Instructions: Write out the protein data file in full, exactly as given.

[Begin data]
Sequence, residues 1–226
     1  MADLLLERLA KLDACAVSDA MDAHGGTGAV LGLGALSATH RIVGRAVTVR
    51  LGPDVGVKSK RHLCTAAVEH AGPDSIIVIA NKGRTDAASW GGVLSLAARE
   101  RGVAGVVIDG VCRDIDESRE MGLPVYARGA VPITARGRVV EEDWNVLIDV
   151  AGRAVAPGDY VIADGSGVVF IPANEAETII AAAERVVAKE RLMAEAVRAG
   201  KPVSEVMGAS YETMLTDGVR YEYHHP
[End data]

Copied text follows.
Sequence, residues 1–226
     1  MADLLLERLA KLDACAVSDA MDAHGGTGAV LGLGALSATH RIVGRAVTVR
    51  LGPDVGVKSK RHLCTAAVEH AGPDSIIVIA NKGRTDAASW GGVLSLAARE
   101  RGVAGVVIDG VCRDIDESRE MGLPVYARGA VPITARGRVV EEDWNVLIDV
   151  AGRAVAPGDY VIADGSGVVF IPANEAETII AAAERVVAKE RLMAEAVRAG
   201  KPVSEVMGAS YETMLTDGVR YEYHHP